The diffusion of climate change adaptation policy

Jonas J. Schoenefeld, Kai Schulze, Nils Bruch

Research output: Contribution to journalArticlepeer-review

27 Citations (Scopus)
14 Downloads (Pure)


Adapting to some level of climate change has become unavoidable. However, there is surprisingly limited systematic knowledge about whether and how adaptation policies have diffused and could diffuse in the future. Most existing adaptation studies do not explicitly examine policy diffusion, which is a form of interdependent policy-making among jurisdictions at the same or across different levels of governance. To address this gap, we offer a new interpretation and assessment of the extensive adaptation policy literature through a policy diffusion perspective; we pay specific attention to diffusion drivers and barriers, motivations, mechanisms, outputs, and outcomes. We assess the extent to which four motivations and related mechanisms of policy diffusion—interests (linked with learning and competition), rights and duties (tied to coercion), ideology, and recognition (both connected with emulation)—are conceptually and empirically associated with adaptation. We also engage with adaptation policy characteristics, contextual conditions (e.g., problem severity) and different channels of adaptation policy diffusion (e.g., transnational networks). We demonstrate that adaptation policy diffusion can be associated with different mechanisms, yet many of them remain remarkably understudied. So are the effects of adaptation policy diffusion in terms of changes in vulnerability and resilience. We thus identify manifold avenues for future research, and provide insights for practitioners who may hope to leverage diffusion mechanisms to enhance their adaptation efforts.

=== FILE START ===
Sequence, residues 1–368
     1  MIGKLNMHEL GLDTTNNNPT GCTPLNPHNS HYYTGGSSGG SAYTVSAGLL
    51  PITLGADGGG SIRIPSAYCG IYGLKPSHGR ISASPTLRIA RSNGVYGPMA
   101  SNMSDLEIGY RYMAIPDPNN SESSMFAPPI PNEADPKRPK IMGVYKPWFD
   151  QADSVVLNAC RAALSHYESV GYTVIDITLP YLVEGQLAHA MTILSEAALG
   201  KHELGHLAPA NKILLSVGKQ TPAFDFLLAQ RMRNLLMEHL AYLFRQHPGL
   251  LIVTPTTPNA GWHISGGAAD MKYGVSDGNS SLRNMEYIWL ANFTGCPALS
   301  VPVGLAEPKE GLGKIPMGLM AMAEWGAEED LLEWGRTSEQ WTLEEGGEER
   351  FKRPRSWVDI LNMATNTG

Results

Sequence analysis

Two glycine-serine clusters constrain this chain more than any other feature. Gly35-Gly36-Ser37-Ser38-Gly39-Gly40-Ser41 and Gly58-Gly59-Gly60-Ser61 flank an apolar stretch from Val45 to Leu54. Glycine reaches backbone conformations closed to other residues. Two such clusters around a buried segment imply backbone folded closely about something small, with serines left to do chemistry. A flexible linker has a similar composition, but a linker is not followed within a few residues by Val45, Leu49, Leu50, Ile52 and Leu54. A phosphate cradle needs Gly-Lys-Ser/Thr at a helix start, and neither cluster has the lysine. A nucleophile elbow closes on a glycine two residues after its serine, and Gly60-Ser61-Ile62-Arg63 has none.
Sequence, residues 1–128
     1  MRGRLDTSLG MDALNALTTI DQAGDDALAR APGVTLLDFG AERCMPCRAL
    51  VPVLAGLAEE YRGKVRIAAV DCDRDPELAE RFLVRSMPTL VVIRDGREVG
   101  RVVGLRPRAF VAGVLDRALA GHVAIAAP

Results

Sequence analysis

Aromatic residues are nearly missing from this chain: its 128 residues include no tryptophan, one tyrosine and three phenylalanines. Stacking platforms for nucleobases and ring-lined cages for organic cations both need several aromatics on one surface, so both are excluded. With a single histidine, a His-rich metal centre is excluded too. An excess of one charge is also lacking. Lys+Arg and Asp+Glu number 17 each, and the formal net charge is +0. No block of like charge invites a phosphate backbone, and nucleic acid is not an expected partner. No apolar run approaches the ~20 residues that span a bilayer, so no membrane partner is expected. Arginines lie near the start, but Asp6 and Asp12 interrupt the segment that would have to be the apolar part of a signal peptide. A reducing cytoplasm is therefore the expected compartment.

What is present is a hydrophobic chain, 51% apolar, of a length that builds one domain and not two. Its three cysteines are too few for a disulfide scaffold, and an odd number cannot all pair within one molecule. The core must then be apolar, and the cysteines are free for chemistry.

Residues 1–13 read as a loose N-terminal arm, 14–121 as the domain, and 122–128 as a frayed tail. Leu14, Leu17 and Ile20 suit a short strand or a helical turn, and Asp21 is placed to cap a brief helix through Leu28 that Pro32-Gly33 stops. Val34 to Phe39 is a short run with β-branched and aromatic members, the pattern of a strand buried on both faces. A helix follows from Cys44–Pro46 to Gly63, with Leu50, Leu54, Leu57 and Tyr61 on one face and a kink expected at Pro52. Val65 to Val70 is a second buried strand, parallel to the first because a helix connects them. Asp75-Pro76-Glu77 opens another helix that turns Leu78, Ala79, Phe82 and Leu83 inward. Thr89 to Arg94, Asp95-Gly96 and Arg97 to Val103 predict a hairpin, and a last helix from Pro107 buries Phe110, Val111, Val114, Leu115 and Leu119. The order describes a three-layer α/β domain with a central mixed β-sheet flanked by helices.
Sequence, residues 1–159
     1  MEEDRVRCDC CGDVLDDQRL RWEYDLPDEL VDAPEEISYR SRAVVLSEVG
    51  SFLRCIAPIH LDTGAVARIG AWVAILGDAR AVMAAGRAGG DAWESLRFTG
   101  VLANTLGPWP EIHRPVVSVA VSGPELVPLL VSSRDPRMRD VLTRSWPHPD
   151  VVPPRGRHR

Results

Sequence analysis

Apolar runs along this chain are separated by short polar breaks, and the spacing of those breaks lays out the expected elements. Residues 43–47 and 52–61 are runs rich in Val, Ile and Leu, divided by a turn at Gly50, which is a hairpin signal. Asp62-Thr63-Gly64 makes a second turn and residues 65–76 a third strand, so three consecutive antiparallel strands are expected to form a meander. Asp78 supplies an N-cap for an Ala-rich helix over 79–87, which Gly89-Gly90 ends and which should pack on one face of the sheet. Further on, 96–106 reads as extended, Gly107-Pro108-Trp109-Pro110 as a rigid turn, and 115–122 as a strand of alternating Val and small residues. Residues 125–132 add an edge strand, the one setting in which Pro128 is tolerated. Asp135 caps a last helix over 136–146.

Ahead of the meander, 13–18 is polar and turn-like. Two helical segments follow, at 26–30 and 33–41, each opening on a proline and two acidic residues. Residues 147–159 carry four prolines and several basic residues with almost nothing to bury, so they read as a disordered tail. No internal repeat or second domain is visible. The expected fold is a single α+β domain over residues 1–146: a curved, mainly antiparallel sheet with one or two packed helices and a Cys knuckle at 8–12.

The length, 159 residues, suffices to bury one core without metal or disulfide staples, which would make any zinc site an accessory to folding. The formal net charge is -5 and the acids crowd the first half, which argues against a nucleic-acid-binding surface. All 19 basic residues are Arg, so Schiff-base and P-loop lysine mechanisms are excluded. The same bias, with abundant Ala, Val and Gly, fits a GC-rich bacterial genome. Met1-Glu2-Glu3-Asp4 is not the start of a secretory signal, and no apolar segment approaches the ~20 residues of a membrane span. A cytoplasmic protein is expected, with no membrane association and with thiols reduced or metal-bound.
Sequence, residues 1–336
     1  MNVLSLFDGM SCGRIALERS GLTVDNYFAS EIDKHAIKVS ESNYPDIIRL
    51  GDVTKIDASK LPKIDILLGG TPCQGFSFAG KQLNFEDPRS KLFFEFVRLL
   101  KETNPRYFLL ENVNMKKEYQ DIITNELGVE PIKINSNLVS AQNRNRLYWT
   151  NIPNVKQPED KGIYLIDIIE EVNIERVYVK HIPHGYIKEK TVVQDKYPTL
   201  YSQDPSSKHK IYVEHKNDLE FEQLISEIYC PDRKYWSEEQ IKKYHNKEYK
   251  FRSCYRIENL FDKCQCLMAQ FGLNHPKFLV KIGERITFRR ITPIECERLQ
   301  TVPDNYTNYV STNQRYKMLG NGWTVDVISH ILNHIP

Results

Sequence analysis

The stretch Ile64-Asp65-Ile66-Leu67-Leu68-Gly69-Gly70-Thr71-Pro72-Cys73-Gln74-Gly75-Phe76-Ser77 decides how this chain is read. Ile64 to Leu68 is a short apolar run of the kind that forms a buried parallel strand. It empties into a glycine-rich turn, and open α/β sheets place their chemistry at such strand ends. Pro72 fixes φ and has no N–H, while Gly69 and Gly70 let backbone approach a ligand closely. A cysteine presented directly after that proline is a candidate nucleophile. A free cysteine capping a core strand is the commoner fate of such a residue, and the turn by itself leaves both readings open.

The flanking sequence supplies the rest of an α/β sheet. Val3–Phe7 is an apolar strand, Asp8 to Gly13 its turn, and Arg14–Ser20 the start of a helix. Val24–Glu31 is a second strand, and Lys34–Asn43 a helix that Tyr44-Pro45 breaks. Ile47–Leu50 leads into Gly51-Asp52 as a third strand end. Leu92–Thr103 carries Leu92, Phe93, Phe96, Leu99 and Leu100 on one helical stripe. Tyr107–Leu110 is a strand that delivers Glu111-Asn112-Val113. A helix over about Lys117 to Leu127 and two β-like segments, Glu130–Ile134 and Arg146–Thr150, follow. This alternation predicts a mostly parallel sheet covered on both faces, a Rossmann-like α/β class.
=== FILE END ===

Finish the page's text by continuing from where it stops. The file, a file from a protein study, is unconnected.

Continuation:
Original languageEnglish
Article numbere775
JournalWiley Interdisciplinary Reviews: Climate Change
Issue number3
Early online date16 Mar 2022
Publication statusPublished - May 2022


  • climate change adaptation
  • policy diffusion
  • policy innovation
  • policy learning
  • public policy

Cite this